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Sarah Al Abdali: “Art defines what a society believes in”

Yalla!

Sarah Al Abdali's Islamic artwork has been shown in the art hotspots in the past few years. From the Saatchi Gallery in London to the 2013 Venice Biennale, AlAbdali democratizes the access and understanding of Islamic art thanks to contemporary mediums. In Paris, she is showing her latest works as part of the Young International Art Fair (YIA) exhibition.

Sarah AlAbadi was born and raised in Jeddah, Saudi Arabia. Originally from Hejaz, she has seen her region undergo a drastic transformation, leaving very little remnants of the past. Through her art, she attempts to bring to light her ancestral cultural by using traditional and contemporary mediums such as graffiti and puppets to explore Islamic and Arab culture.

She is particularly invested in the Kingdom’s art scene thanks to her work with the Saudi Commission of Tourism and Antiquities as well the program she developed to support local female artisans.

Majnoun Leila is not very known by French people. Can you tell us about this story in few words ?

Sarah Al Abdali: They are about the traditional story of Leila and Majnoun. It’s an old folk story about two lovers that can never meet in reality. It has a very sad ending. You can see it in different languages like Persian or Indian. Each culture took it in its own way. It’s kind of a metaphor of separation and what that represents to people.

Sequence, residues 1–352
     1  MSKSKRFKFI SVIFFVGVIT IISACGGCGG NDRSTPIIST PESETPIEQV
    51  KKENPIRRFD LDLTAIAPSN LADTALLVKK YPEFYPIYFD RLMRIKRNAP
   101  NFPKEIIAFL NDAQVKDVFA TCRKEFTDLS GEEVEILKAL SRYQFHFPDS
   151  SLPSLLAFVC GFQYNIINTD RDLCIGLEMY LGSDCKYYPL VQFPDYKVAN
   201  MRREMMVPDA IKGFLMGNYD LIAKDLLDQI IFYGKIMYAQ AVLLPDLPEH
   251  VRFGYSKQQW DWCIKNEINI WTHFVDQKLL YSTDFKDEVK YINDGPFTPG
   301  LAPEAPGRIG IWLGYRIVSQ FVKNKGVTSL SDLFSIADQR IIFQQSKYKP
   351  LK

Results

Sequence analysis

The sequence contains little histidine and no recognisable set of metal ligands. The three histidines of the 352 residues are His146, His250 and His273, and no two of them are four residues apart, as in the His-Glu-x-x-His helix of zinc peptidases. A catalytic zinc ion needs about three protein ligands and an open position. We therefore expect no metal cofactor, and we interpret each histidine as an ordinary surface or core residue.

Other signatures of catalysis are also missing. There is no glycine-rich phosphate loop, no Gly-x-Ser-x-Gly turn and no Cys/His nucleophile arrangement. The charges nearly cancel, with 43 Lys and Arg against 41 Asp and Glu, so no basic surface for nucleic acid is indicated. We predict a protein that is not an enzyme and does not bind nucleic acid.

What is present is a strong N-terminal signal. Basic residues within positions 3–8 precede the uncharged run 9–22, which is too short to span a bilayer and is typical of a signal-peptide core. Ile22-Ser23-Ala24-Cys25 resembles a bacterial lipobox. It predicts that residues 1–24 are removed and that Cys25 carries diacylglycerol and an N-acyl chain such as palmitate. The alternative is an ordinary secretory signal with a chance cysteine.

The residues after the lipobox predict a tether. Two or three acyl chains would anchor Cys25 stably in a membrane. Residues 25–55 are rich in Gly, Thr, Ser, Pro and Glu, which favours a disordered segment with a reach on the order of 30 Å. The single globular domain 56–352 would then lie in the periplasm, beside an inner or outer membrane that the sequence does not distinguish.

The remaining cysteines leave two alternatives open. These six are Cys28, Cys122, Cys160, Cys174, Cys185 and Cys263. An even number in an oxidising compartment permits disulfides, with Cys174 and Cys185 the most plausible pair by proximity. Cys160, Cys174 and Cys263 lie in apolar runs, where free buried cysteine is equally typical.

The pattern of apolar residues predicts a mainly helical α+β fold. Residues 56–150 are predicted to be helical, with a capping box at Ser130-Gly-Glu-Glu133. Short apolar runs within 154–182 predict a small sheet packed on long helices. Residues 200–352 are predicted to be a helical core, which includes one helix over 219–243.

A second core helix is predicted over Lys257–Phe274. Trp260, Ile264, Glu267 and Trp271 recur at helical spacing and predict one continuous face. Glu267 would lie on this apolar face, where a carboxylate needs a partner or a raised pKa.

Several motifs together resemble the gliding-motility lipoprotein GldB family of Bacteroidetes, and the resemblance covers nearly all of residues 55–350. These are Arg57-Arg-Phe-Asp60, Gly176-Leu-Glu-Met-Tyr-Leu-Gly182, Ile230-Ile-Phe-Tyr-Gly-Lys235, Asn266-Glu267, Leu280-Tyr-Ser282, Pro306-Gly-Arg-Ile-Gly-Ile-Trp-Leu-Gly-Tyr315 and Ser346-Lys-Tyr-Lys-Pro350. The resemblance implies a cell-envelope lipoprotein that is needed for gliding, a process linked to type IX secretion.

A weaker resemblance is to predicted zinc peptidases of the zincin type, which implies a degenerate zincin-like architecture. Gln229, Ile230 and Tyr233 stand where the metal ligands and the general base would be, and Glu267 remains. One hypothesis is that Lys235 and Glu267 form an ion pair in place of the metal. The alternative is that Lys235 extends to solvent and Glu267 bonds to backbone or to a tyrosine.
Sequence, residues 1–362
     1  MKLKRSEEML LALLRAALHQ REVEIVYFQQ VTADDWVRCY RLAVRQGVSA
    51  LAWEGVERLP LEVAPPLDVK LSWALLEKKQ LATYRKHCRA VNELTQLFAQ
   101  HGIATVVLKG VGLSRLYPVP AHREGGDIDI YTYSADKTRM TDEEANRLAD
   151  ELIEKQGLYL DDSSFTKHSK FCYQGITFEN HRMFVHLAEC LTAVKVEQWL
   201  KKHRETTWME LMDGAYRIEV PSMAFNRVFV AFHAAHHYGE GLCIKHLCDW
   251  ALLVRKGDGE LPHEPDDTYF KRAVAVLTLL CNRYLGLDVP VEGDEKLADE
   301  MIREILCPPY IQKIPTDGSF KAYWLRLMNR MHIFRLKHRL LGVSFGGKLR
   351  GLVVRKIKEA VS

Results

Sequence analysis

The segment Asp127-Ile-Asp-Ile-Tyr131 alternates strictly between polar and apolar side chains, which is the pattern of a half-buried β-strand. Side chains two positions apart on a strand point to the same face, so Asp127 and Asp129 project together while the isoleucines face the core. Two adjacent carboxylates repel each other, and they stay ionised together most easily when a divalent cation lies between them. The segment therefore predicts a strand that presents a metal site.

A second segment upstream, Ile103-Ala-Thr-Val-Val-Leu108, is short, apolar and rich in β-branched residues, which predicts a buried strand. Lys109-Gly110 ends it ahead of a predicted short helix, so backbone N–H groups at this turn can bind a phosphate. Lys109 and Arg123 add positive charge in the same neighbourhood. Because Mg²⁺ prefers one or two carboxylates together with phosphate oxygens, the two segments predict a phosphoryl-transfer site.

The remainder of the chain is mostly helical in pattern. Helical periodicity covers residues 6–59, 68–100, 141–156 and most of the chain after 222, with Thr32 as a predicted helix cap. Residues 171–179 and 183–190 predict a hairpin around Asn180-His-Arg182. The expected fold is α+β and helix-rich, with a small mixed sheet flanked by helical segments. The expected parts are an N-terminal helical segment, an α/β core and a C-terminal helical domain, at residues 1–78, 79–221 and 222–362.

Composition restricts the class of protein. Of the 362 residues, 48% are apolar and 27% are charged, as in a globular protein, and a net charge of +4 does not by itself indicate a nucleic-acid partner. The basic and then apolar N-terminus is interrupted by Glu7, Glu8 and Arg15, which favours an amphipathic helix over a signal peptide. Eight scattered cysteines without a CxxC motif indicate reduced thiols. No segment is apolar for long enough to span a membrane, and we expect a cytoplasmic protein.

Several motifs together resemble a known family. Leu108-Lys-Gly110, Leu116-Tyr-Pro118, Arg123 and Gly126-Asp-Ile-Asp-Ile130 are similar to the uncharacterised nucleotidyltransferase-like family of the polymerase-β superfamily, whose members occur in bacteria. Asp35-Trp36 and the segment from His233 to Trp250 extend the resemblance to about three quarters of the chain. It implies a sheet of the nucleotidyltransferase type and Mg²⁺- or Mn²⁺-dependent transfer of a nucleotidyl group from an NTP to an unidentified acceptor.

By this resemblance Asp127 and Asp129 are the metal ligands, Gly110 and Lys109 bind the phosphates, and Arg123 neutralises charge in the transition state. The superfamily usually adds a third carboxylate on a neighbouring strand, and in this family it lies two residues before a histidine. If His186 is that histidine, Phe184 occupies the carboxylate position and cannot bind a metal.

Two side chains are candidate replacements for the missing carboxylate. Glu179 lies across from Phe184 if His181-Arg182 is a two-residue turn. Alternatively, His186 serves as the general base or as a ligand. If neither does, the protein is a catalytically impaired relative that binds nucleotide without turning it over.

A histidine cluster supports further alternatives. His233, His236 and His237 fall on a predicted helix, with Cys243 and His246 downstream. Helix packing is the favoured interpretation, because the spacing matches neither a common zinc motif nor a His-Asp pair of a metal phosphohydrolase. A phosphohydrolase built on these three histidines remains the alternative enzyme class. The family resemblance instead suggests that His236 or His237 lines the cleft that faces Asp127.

What’s your interpretation of this story?

Sarah Al Abdali: One thing that really intrigued me about this story is separation. It could be a metaphor of a relationship between a person and someone else, but at the same time it could be the relationship between that person and himself or herself. That’s what I felt.

A Saudi artist told me last week that all artists have a message. What’s your message ?

Sarah Al Abdali: The main thing that affects me as a person is identity and I feel like I’m growing up in a time where it’s really hard to tell who you are and who you once were, as a collective, as a community. As a person who comes from Hejaz, which is the Western province of Saudi Arabia, I feel like we have lost a lot of heritage and culture. So whatever I do, I feel will go into that direction and will give people an image of what Hejaz is, or once was. Everything you know now about Mecca for example, which is the heart of the Islamic world, are towers and skyscrapers and that doesn’t represent who we were, who we are.

What’s the role of art in contemporary Saudi society ?

Sarah Al Abdali: The role of art would be highlighting certain issues and maybe certain feelings that people do not necessarily talk about everyday. It should target everyone. And as I said, everyone can relate to it in a different way. If I see a painting, I would interpret it so differently than how you would. It’s something that in a few years would define what a society or a community believed in and what they stood for